Costa Gavras calls Barroso 'a dangerous man'
- European filmmakers are very disappointed following a meeting with the president of the European Commission
Before the Council of EU Trade, ministers will decide on Friday, June 14, if culture will be excluded from the negotiating mandate that the European Commission will receive for the talks with the US on the Transatlantic Trade and Investment Partnership (TTIP), a delegation of European film-makers that have submitted a petition with 6,200 signatures to the European Parliament went to Strasbourg to defend the exclusion of culture in the EU-US trade agreement.
The film-maker delegation included award-winning French actress Bérenice Bejo (The Past [+see also:
film profile], The Artist [+see also:
interview: Michel Hazanavicius
film profile]), Academy-Award winning writer, director and producer Costa Gavras, Belgian actor and director Lucas Belvaux (After Life, Rapt [+see also:
interview: Lucas Belvaux
film profile]), Italian actor and director Daniele Luchetti (Domani Accadrá), Romanian Palme d'Or winner Cristian Mungiu (4 Months, 3 Weeks, And 2 Days [+see also:
interview: Cristian Mungiu
interview: Oleg Mutu
film profile]), Cesar-winning writer/director Radu Mihaileanu (Va, vis et deviens [+see also:
interview: Denis Carot
interview: Didar Domehri
interview: Radu Mihaileanu
film profile], Le Concert [+see also:
interview: Radu Mihaileanu
film profile]) as well as Polish director and film producer Dariusz Jablonski (Land of Oblivion [+see also:
"After our meeting with Barroso, I just can say that he is a dangerous man, who will flatten European culture: he says cultural exception is not negotiable, but he accepts audiovisual to be negotiable," stressed Costa Gavras. "So Google and others will be entering in your TV. You will have your TV filled with US productions and then your creators will not be there to tell the real story of your country.“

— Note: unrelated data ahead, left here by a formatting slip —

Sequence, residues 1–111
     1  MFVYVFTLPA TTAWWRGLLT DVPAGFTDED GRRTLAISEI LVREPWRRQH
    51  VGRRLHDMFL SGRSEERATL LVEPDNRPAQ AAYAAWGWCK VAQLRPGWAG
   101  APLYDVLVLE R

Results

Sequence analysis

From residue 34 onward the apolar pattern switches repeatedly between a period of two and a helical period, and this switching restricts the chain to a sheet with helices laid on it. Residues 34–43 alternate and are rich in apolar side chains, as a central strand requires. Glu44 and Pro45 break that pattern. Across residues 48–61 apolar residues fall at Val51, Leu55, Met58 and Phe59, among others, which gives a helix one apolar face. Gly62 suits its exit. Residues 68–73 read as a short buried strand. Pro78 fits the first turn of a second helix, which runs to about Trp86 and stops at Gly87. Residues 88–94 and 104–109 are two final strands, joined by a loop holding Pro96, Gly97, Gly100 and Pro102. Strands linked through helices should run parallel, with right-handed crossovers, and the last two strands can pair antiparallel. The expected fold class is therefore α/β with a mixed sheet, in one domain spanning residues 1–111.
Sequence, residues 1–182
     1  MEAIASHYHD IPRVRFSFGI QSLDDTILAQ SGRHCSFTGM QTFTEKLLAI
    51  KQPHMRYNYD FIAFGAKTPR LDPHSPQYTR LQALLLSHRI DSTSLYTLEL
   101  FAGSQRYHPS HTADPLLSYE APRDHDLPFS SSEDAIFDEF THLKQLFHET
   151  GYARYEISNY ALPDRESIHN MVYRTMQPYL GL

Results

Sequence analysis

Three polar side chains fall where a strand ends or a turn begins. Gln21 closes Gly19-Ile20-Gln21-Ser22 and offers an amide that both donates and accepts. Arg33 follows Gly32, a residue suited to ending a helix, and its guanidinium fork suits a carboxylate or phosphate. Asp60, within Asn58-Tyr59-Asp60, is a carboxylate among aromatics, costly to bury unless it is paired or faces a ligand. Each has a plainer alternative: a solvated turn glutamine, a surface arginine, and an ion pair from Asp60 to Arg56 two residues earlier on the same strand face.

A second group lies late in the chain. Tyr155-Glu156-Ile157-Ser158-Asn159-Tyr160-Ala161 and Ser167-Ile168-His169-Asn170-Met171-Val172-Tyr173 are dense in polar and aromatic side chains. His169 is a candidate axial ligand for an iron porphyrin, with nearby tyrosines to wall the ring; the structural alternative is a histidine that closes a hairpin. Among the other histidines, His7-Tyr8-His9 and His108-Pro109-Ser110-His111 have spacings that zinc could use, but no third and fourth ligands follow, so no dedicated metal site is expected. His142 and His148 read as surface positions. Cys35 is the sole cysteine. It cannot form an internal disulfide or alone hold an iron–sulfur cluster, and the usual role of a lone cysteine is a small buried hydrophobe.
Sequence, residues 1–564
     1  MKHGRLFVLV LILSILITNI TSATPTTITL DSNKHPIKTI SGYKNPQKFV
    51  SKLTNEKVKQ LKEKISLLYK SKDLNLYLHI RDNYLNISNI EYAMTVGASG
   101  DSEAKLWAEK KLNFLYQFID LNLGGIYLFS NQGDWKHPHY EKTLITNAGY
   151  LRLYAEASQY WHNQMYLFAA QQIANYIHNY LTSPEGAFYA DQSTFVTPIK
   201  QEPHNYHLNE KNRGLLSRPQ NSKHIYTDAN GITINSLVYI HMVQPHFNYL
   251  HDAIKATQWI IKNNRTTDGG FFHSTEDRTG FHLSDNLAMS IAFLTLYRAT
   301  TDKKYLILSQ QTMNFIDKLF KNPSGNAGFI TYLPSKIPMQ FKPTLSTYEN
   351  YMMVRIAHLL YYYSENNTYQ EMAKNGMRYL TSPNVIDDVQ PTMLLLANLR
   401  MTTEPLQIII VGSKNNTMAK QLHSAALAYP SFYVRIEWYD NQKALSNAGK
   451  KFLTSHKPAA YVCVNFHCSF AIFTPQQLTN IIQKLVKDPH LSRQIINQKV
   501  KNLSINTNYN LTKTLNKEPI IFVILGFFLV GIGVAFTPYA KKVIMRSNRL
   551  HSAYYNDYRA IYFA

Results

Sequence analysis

French actress Bérénice Bejo read a text from German filmmaker Wim Wenders on the dangers of abandoning the cultural exception. Some American directors said they would have loved to make such a film like The Artist, but it would have been impossible, as nobody would have financed it. Bejo is concerned that small film productions will disappear if the cultural exception will be sacrificed.
"We have fought for cultural exception, not only for France or for Europe, but at a global scale," said Henri Weber, French Socialist MEP. "We have tried to explain this around the word because the peoples and the nations have all their right to subsidize their creators, and this cannot be traded."
"We know that the MEPs are backing us," emphasized Radu Mihaileanu who is worried about the fact that Mr Barroso won't listen to them when they say that cultural products cannot be treated equally as other kind of goods. "Ideas and wit cannot be part of a negotiation deal if we risk of loosing them, because we could loose our identity, our freedom of expression," concluded the filmmaker. "We love a Europe of diversity, that's our treasure, and we will fight until the end for it."
In case the cultural exception is not preserved, France has already threatened to block any talks on the TTIP. The members of the French authors, directors and producers guild ARP do not understand why Barroso changed his mind. After his passionate statement "on a scale of values, culture comes before the economy" in 2005, he is now seemingly deaf to the position of the European Parliament that voted in favor to exclude culture from the trade talks.
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